So there is plenty of onus to enact the For the People Act through Congress. This bill would require congressional districts be drawn impartially, set national voting standards and require universal mail in voting. The Act has passed the House and has now moved to the Senate. Currently it would be subject to filibuster, which has many Democrats arguing it’s time to get rid of the filibuster altogether.

It’s a compelling argument, especially now, because if Democrats don’t then these new voting laws and redistricting would tilt the playing field even more toward the advantage of Republicans. It’s hard to understand the hesitancy of some wavering Democratic senators. The filibuster has been chipped away at for more than twenty years. Republicans have shown no hesitancy to chip away at it when they wielded power. Nor has it proven a method for brokering bipartisan compromise. Rather, it’s done just the opposite. It needs to die.

I often wish there were a way to keep people from believing insane stuff. Americans seem to love conspiracy theories but Donald Trump elevated them and made them mainstream. There doesn’t seem to be a way to put this genie back in its bottle. Because Trump supporters are not reality based, real life is bound to disproportionately impact them, as demonstrated by the many covid-19 victims among staunch Trump supporters. There are plenty of Herman Cains out there to serve as examples, but it doesn’t seem to move them back toward sanity.

We learned during CPAC that Donald Trump got covid-19 shots in January while still president. You would think that might wake up some of them to get the vaccine or at least put on a mask. Instead, we get Texas Governor Greg Abbott ending all masking requirements in the state, a stunningly premature act guaranteed to kill off more of his staunchest supporters. This was done probably to draw attention away from his gross mismanagement of Texas’s electricity infrastructure, which resulted in widespread power and water outages during a recent cold snap.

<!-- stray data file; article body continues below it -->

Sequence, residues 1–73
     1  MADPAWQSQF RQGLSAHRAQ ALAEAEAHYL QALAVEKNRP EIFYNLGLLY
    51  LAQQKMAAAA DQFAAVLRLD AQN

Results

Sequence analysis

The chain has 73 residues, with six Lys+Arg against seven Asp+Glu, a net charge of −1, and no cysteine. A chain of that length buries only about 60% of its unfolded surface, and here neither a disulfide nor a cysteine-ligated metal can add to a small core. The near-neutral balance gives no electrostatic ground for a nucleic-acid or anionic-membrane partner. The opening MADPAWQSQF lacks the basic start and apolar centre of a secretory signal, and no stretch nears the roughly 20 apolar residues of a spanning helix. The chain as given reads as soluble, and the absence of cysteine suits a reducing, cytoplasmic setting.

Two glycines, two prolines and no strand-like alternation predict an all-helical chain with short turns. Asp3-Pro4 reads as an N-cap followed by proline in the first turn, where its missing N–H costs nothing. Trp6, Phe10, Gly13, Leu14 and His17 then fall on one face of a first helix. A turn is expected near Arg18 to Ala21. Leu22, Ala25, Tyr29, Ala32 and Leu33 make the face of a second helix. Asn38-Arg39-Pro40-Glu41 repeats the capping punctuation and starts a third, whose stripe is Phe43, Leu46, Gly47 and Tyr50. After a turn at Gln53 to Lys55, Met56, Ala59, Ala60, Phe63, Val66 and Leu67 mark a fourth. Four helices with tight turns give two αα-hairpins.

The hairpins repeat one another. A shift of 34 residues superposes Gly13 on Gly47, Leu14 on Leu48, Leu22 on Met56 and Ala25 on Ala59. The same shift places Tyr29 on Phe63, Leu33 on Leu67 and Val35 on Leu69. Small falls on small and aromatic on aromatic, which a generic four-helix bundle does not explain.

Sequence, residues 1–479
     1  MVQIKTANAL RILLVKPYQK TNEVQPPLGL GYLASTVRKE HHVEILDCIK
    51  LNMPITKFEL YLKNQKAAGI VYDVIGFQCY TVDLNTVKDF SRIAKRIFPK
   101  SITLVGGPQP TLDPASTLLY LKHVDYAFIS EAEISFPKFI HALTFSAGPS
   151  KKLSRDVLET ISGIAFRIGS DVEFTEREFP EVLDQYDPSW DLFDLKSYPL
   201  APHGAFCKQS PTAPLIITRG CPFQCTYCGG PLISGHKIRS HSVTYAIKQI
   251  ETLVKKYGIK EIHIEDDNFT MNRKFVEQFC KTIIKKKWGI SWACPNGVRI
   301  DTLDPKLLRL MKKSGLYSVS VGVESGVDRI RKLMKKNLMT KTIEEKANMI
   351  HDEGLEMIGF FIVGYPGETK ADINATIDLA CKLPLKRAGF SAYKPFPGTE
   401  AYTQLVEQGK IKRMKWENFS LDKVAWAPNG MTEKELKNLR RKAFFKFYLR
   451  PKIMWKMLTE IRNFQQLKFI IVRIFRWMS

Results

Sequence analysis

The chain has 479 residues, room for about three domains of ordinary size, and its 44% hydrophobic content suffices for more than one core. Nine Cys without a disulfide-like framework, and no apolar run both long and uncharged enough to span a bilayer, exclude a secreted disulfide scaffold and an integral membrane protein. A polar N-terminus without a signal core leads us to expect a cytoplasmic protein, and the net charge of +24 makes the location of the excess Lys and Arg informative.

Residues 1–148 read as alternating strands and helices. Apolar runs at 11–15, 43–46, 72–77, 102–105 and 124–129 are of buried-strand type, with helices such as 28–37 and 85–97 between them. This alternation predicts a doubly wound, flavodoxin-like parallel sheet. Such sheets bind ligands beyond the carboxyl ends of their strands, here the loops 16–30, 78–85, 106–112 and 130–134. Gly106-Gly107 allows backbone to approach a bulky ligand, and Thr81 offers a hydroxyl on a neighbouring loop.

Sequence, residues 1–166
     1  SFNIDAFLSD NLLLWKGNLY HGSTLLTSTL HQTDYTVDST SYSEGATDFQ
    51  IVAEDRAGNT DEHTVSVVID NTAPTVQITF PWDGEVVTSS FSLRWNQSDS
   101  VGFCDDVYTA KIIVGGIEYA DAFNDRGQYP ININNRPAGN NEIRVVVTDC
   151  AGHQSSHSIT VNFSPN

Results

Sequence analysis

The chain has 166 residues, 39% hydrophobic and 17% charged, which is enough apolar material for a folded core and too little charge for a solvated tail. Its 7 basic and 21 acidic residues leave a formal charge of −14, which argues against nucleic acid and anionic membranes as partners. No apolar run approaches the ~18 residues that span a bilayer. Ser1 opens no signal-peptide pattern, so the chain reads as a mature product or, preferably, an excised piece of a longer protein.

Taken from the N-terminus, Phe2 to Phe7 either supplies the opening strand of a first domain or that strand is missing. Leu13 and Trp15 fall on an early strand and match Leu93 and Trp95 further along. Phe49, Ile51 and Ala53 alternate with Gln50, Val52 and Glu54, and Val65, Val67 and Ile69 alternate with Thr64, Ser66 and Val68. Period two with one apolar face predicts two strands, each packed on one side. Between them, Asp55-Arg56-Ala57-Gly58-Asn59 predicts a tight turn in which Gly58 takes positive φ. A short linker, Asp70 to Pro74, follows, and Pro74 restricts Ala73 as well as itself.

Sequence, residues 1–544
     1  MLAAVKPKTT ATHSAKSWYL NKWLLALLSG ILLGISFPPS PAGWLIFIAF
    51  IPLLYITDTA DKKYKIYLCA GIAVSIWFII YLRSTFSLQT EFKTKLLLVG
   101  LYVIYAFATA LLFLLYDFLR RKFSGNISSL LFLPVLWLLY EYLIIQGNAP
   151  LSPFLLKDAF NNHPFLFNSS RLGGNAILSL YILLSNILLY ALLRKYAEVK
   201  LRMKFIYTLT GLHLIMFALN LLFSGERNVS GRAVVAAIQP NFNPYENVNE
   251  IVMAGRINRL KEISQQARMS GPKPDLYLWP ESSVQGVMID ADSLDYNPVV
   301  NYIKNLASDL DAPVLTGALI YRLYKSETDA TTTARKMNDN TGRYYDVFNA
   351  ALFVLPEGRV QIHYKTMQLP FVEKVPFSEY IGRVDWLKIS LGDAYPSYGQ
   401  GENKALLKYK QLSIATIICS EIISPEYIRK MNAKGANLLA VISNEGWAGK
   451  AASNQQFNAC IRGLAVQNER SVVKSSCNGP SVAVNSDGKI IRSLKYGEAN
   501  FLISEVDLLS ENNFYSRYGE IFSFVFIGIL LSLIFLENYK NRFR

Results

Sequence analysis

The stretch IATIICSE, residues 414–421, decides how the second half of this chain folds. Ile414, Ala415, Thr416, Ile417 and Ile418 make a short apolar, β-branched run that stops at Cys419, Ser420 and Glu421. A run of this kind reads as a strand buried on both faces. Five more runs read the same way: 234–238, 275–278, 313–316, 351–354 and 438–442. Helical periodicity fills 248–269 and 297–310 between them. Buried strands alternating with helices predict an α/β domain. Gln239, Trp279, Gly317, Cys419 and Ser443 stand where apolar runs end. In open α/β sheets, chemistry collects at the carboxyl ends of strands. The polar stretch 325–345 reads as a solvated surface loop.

It increasingly looks to me the best case is actually the worst case: Republicans have voted themselves off the island by becoming victims of their own foolishness. We can only hope that those of us who remain are sensible. I know I am. I don’t want to die. But if I die from covid-19 and it’s because of one of these foolhardy people then I will die deservedly a bitter and angry man.

Hold onto your hats on January 6th

It sure would be nice if it were January 20th already. Unfortunately, we still have more than two weeks to go. To no one’s surprise, Trump isn’t going quietly. In the interim he plans to make things as dangerous as possible for our country. It’s also likely that once out of office he’ll spend most of his time trying to undermine the Biden Administration, aided and abetted by plenty in Congress who in the meantime will make one last quixotic attempt to overturn the election on Wednesday.

Wednesday is when Congress counts the electoral votes submitted by the states. Like on the day electoral votes were cast in state capitals, Trump plans to make mischief. He is urging his supporters to protest in Washington, protests that have effectively carried on for about a month as his supporters seem to have taken up long-term residence at the Hotel Harrington. Members of his party in both the House and Senate are planning to object to the votes submitted by certain states that gave Biden a majority in the Electoral College. They are alleging numerous ballot fraud issues, none of which have passed the muster of state or federal judges or various recounts (three times in parts of Georgia) where the alleged voter fraud took place.

Since the House will be controlled by Democrats, it won’t go anywhere but the process may take a couple of days to play out, since votes for each state can be challenged and each challenge requires two-hour meetings by both houses of Congress. You can bet Trump is working the phones to get more Republican senators to fall in line in this doomed effort. All this plus the planned protests on Wednesday raises the likelihood of violent protests.